"The system was administered in a fashion that was discriminatory, it certainly put specific people in difficult situations," Seth Kreimer, an expert on constitutional law and professor at the University of Pennsylvania Law School, told IBT. "A court evaluating a mechanism adopted from it today would not be asking if it were an emergency response to 9/11, but rather if it is a properly and neutrally crafted effort to preserve American security."

Presidential executive powers provide a tremendous level of control over the nation's borders, as well as the influx of immigration from regions across the globe. In extreme cases, specifically times of war, it isn't uncommon for the federal government to pass far-reaching immigration policies like the National Security Entry-Exit Registration System. But expanding that into a system focused solely on Muslim-American citizens would be largely unprecedented in the U.S., except for when the nation established Japanese American internment camps during World War II.

The president-elect's repeated proposal to create a national registry for Muslim immigrants and flip-flopping rhetoric on whether that system would include Muslim Americans has sparked a wave of backlash from activists and organizations across the country. A spokesman for Trump's transition team denied the next president ever made any statements on implementing such a system on Thursday, saying "to imply otherwise is completely false."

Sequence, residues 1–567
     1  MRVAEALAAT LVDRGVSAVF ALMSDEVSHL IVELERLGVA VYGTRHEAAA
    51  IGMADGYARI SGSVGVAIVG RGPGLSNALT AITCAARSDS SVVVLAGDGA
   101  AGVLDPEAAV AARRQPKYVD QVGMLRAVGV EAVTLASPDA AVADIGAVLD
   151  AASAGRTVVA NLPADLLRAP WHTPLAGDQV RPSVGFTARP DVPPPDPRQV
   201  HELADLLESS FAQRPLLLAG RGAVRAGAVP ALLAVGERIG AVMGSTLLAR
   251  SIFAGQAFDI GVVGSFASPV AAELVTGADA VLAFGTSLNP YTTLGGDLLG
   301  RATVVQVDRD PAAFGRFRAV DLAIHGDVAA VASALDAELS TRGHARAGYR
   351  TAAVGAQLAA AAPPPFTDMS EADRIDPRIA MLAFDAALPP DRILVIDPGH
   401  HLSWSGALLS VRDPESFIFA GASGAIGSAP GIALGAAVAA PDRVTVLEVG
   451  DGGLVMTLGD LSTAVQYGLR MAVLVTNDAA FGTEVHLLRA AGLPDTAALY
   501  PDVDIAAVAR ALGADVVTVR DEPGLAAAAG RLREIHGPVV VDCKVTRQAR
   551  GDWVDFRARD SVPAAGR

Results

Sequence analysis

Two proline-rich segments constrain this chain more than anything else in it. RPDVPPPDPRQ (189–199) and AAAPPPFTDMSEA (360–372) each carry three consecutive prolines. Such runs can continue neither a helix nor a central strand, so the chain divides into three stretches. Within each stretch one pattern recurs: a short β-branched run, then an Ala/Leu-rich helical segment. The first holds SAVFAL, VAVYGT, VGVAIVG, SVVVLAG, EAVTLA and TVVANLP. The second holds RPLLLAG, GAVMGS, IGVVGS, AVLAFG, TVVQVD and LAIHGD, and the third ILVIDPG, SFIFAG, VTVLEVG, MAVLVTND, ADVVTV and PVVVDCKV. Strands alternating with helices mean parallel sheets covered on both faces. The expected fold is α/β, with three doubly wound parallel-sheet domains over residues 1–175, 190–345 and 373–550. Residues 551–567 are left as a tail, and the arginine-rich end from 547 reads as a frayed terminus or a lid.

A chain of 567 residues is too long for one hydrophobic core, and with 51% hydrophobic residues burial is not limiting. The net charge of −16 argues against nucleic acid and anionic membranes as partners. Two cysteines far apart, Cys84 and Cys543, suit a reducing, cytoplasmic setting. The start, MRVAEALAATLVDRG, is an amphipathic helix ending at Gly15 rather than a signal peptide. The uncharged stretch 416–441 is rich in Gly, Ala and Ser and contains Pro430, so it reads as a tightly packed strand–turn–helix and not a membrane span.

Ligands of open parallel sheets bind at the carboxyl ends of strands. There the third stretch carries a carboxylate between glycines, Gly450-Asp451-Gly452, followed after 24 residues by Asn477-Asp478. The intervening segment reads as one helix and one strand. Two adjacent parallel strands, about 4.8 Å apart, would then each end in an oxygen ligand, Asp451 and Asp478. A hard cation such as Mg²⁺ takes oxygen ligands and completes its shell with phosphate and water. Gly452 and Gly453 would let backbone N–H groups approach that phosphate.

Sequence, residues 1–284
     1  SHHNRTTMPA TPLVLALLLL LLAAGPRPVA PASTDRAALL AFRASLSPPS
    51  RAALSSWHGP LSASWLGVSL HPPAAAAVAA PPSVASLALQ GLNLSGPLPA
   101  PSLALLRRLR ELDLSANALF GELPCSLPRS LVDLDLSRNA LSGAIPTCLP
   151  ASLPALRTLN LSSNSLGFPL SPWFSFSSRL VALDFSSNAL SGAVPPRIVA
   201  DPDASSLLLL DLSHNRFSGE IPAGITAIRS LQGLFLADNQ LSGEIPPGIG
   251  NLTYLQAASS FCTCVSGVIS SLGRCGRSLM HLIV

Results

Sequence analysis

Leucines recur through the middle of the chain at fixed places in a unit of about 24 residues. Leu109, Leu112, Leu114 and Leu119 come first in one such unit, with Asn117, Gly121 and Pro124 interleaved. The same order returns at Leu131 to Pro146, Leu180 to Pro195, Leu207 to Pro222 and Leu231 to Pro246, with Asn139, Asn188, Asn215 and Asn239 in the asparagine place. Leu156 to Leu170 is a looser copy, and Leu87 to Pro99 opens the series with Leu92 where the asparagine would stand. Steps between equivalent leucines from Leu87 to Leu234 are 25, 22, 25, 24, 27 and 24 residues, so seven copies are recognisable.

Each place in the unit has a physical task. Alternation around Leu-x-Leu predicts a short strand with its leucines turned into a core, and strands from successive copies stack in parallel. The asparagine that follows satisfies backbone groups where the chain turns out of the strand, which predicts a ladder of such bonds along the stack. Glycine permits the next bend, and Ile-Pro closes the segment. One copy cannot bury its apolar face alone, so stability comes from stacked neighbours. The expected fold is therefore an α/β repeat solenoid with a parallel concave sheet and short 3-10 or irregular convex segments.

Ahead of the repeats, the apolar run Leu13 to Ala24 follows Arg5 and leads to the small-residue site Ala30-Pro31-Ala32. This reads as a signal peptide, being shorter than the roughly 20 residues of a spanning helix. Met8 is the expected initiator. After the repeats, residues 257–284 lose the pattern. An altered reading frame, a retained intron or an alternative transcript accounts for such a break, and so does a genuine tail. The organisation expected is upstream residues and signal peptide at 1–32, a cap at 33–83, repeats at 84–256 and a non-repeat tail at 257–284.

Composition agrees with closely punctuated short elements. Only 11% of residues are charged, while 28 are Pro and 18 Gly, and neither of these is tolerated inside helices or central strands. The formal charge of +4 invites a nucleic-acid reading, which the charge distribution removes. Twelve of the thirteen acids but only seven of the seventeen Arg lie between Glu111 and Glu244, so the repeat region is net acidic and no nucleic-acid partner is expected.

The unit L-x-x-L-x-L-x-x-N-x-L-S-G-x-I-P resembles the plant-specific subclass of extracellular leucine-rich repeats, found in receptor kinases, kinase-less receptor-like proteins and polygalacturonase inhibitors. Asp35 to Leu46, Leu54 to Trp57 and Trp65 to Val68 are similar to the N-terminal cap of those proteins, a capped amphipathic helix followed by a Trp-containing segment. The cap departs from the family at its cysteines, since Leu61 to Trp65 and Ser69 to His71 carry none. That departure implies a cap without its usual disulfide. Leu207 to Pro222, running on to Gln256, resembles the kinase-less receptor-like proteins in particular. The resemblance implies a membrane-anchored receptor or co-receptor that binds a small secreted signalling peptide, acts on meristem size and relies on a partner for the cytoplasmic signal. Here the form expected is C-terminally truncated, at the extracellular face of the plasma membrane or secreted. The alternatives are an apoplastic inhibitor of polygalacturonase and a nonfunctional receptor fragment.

"The national registry of foreign visitors from countries with high terrorism activity that was in place during the Bush and Obama administrations gave intelligence and law enforcement communities additional tools to keep our country safe," The transition team's statement continued. "But the president-elect plans on releasing his own vetting policies after he is sworn in."

Trump proposed the registry after terror attacks carried out by Islamic State supporters in Paris and San Bernardino, California, in 2015. His proposal came as a shock to the media and was met with an immediate wave of backlash, with non-Muslim activists vowing to support their counterparts by registering for the system, effectively disrupting the collection of Muslim identities. Middle East officials and some Republican leaders also said the proposed policy went too far.

"President-elect Trump and his immigration advisors have taken an illegal and long-ago abandoned post-9/11 program, the National Security Entry-Exit System, and now threaten to reignite it and even expand it into a shocking, blatantly discriminatory roundup of Muslims in the United States," Cecilia Wang, director of the American Civil Liberties Union Immigrants’ Rights Project, told International Business Times.